I read another article that explained the Galaxy S6’s Exynos 7420. After a lot of praise the benchmarks showed marginal performance increases over the 5433 even though it was a so called 14nm true 64bit cpu versus the 5433's 8 32 bit cores. The real performance improvement came from the GPU. ARM is touting the Cortex A72, but has been very vague about real world benchmarks. It does state in it's graphics that A57 is 20nm and the A72 is 16nm finfet which should be out in 2016. And yet Samsung is claiming 14nm on their A57 (Exynos 7420). A document Nvidia provided a couple of years ago showed that 16nm will come at a price twice as great as 28nm. So, once again, how much more will it cost and what will you get for the money?
"The Cortex-A57 simply won’t end up in a lot of devices, as it only makes sense on 20nm and 14/16nm FinFET nodes, so chipmakers will have only one choice – churn out more Cortex-A53 parts at higher clocks, with faster GPUs and better LTE support. Unlike last year, they don’t have the option of using four cores (A15, A17, A9 and A7), as they can only use A57 and A53 cores, but the A57 simply doesn’t work for most market segments. The Cortex-A17 looks like a very tempting alternative and MediaTek already tapped it for some parts, but this is a 32-bit core, positioned below the Cortex-A15 and Cortex-A57. While the A17 is a good performer with a good price/performance ratio, consumers demand 64-bit chips, plain and simple."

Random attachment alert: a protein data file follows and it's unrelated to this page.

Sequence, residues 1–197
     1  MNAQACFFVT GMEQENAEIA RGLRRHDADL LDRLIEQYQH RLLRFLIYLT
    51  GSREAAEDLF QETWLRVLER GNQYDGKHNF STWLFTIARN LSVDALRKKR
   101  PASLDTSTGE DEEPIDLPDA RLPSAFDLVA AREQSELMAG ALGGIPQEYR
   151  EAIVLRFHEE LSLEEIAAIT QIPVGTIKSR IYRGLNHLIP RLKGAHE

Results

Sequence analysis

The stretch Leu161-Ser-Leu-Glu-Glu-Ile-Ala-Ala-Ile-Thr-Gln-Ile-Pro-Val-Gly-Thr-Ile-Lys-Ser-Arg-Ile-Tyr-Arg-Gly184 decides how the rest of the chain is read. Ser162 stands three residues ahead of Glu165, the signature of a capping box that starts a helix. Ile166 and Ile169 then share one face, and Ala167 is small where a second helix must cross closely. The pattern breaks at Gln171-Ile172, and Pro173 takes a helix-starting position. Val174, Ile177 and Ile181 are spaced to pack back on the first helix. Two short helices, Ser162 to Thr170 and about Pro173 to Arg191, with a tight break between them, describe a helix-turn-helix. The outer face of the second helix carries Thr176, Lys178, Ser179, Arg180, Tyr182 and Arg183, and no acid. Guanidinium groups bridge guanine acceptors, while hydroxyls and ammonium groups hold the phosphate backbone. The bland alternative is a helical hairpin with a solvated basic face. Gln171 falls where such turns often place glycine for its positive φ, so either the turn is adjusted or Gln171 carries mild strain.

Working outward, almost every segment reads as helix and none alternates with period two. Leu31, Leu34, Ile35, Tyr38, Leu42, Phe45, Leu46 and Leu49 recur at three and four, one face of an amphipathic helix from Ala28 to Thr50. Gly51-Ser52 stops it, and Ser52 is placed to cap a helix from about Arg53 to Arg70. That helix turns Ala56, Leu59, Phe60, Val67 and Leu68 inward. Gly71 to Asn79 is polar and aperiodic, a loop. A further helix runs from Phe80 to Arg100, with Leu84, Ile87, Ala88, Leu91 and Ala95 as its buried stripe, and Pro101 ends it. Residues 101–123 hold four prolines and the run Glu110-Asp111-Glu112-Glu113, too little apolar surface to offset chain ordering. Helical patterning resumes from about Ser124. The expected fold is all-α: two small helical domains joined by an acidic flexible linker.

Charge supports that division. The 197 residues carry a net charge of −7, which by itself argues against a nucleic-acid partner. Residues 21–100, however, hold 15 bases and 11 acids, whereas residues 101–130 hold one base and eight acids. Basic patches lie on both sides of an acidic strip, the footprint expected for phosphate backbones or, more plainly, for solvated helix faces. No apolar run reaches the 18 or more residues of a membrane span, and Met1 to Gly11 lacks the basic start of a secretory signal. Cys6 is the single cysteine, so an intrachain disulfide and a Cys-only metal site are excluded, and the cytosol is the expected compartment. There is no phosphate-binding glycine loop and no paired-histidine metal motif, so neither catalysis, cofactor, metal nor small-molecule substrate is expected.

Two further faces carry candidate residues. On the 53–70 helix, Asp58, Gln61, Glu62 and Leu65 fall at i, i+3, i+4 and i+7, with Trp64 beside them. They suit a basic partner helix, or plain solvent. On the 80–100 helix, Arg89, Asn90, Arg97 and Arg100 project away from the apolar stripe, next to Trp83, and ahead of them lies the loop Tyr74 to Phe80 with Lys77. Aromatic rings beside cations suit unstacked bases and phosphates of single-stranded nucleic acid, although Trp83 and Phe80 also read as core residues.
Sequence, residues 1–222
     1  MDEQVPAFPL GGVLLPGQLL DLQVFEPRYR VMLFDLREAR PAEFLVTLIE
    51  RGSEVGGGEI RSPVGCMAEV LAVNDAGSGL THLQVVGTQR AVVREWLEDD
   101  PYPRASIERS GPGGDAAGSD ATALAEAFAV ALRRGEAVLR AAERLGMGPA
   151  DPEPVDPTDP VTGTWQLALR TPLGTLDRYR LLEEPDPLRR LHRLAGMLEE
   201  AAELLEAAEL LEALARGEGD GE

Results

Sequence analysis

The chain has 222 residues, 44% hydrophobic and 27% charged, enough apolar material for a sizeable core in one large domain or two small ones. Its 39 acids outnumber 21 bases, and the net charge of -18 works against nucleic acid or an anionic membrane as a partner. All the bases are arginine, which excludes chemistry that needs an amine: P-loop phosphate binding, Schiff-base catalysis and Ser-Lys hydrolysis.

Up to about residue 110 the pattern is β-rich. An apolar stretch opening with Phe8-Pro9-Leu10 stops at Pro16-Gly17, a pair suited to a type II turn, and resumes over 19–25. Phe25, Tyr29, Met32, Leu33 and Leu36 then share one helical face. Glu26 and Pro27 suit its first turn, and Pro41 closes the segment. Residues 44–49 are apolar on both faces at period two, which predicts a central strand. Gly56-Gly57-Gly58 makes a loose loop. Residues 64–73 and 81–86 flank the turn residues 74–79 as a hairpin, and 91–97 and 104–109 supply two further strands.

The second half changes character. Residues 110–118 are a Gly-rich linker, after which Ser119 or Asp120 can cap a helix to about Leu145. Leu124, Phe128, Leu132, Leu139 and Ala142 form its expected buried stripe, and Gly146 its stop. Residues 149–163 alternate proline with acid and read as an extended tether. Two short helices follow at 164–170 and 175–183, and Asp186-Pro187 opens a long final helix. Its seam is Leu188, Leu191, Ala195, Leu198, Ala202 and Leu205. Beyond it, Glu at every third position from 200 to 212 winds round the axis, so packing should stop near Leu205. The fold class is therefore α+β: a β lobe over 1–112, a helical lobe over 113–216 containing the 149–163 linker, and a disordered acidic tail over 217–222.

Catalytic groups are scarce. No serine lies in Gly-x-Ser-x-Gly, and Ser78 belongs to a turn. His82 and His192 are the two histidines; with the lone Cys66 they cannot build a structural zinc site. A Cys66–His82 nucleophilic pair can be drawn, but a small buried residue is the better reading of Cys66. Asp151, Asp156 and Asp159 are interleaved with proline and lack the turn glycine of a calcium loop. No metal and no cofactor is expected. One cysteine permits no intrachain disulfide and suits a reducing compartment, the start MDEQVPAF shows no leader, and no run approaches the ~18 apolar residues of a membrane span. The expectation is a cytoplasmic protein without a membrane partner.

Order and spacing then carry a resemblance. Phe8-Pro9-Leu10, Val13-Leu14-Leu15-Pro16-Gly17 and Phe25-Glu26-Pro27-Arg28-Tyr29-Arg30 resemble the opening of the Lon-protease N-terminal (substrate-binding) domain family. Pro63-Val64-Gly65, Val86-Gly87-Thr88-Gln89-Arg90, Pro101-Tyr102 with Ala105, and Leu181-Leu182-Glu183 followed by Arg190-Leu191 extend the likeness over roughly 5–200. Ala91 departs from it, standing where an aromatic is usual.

Do you know anybody who has an Intel based smartphone? How about an Asus smartphone? Chances are you will by the end of the year. The Zenphone two comes with an Intel Atom and at least 2 GB of ram. One of the models has 4GB of RAM. Quadcore, 5.5" inch HD display with 30 megapixel camera. It starts off around $200. Currently there are million people who have pre-ordered this phone in China. Asus is expecting to sell 30 million units this year. Not bad for a company that currently isn't in the top 5 of smartphone makers.